Postgres is an awesome database for a lot of reasons, put simply it's a really feature rich, powerful, and reliable database. One of those rich areas is the many built-in functions in Postgres.
Let's take a look at a few of my favorites.
First, let's start with one of the most simple built-in ones but when doing things with time is quite handy.
Want to know what time it is according to your database?
Want to know the biggest date in your data?
select max(day) from births;
Now let's look at one that is a little bit more interesting. If you want to do a
rollup by month, by week, by day, really any time interval you could do
comparison of greater than or less than various months, or you could truncate
the date. A simple example of this could be calculating your signups per week,
day is the data you have per row.
SELECT date_trunc('week', day), count(*) FROM users GROUP BY 1 ORDER BY 1;
Shifting a little bit, let’s take a look at something even more complicated. Earlier this week I wanted to calculate what percentage of time remained in the month. For example if it was the very start of the day on the 15th of the month, in February we'd be 50% of the way through the month, but in January we'd only be 45% of the way through the month.
My table events has a column
period which is a range type (a single datatype
that has a from and a to with two timestamp values). On the query below we do a
- We calculate two different intervals, to dissect the first:
- We get the start of the month
lower(period)and increase it by 1 month so it's the exact end of the month
- Then we get the timestamp of how much time has elapsed into the month
- Then we subtract the two, leaving us with something similar to:
14 days 3 hrs 5 minutes
- The second interval we get as the full length of the month, so February
28 daysor January
- We extract the epoch of the time interval
EXTRACT ( epoch FROM intervalhere )
- And finally we do the math against the two number values to compute the percentage of month left.
SELECT extract ( epoch FROM max(lower(period)) + '1 month'::interval - max(upper(period)) ) / extract ( epoch FROM max(lower(period)) + '1 month'::interval - max(lower(period)) ) perc FROM events
So there is a more advanced example above, but in total there is a wealth of functions for all different use cases. Let’s continue with a very quick cursory look at some categories of functions and examples within each.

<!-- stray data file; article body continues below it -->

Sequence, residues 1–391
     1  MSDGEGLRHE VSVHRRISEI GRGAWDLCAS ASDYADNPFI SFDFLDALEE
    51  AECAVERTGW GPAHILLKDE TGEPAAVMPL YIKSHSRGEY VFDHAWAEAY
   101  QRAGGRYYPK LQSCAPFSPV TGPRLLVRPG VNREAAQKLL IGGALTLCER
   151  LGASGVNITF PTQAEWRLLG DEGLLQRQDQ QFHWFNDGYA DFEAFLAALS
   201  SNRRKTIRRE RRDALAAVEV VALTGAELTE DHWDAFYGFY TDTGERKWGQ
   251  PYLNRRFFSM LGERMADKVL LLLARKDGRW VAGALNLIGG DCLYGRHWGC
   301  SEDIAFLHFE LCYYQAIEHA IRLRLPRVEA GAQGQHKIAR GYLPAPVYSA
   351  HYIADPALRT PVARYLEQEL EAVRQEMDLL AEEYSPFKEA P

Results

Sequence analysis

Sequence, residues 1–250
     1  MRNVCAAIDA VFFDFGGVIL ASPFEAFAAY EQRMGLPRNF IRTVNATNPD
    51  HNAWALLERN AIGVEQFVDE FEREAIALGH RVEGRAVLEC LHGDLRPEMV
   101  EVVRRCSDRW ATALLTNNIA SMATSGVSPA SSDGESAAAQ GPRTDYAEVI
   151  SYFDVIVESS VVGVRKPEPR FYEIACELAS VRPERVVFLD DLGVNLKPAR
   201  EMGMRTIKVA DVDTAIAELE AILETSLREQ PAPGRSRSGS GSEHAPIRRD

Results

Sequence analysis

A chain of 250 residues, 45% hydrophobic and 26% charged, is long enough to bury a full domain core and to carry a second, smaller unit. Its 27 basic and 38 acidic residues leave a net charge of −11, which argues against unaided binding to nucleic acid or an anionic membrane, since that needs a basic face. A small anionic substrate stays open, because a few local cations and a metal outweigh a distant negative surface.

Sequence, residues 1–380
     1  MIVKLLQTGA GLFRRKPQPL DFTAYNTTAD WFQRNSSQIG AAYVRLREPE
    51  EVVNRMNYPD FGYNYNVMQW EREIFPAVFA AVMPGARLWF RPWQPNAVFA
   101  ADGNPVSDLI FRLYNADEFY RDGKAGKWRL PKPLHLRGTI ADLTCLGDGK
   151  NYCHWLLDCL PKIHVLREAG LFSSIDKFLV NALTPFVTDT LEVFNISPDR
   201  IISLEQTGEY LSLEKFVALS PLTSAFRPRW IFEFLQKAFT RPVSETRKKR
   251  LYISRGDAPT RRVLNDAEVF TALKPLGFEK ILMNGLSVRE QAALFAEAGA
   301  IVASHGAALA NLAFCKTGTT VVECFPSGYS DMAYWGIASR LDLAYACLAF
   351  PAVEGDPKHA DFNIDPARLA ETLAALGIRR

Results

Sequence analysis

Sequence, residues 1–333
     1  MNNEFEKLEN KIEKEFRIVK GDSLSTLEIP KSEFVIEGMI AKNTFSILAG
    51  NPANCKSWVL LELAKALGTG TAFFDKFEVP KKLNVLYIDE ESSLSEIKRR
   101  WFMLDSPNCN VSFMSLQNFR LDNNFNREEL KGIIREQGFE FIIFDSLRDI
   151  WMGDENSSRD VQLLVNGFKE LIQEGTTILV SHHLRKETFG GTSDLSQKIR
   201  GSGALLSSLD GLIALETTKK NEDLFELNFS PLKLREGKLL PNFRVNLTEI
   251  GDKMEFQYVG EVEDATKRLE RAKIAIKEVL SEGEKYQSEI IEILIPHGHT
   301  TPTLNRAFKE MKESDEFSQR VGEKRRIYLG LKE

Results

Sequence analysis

Another common category of functions is text manipulation ranging from formatting to parsing. You can even do something like excel concatenation using a text format to combine two fields:
SELECT FORMAT('%s, %s',last_name, first_name) full_name FROM customer ORDER BY full_name;
Or here we can capitalize the first letter and lower case email for consistent reporting of names and emails:
SELECT INITCAP(first_name), INITCAP(last_name), LOWER(email) FROM customer;
And as we saw in large initial computation above, you can combine functions together. Here we’ll get a formatted name with the first letter capitalized.
SELECT FORMAT('%s, %s',INITCAP(last_name), INITCAP(first_name)), full_name FROM customer ORDER BY full_name;
You can find a full set of string functions and operators within the Postgres docs, but for now lets keep going on more more categories.
Aggregate functions combine groups of rows in some way. There are many built-in ones available, such as if you want to combine a list of strings split by comma, or to sum an array of numbers. You can also use aggregate functions to transform results into JSON. Here’s a collection of a number of aggregate functions I tend to find handy:
-- Math functions -- Get total number of customers SELECT count(*) FROM customer; -- Find when the first customer was created SELECT min(created_at) FROM customer; -- Get array of all customer ids created this week SELECT array_agg(id) FROM customer WHERE created_at >= now() - '1 week'::interval; -- String aggregate functions -- Get email addresses of all customers signed up this week SELECT string_agg(email) FROM customer WHERE created_at >= now() - '1 week'::interval; -- JSON aggregate functions -- Get id and email addresses in JSON format of signups this week SELECT json_agg(id, email) FROM customer WHERE created_at >= now() - '1 week'::interval;
Math functions in Postgres
Of course you can do basic addition, subtraction, multiplication, etc. But surprise, surprise that isn't all you can do in Postgres. Let's do a really quick rundown of some of the ones that exist for you:
-- floor for providing nearest integer SELECT floor(89.6); 90 -- trunc to truncate down to nearest integer SELECT trunc(89.6); 89 -- abs for absolute value SELECT abs(-10); 10 --log for base10 log SELECT log(100); 2 --pi for pi SELECT pi(); 3.14159265358979
A final collection of useful Postgres functions
While we’ve tried to categorized some clear groups above there is a mix of other
functions that deserve some special mention. One of these is
coalesce which is
essentially replace nulls with some value.
SELECT coalesce(name, 'default team') FROM team;
Another one that can be indispensable is when working with some of the internal
Postgres catalog tables. If you want to check for something like how much bloat
you get back a raw number of bytes. You may be used to looking at those numbers
and intuiting things about them, but for the rest of us getting something like
16 MB can be much more useful. For this you can feed any “size” into this
function and get what it seems like a prettier version of it:
The definitive guide to Postgres functions
If you want to manipulate your data in basic ways chances are Postgres can do it
for you, and it doesn't require
plpgsql. So next time you're wondering "Can I
do regular expressions directly on my data with a function?" and you know the
answer is probably yes, best to check the
If you want a quick place to play around with the funtions above, check out our Postgres Playgroud.
September 21, 2022 •More by this author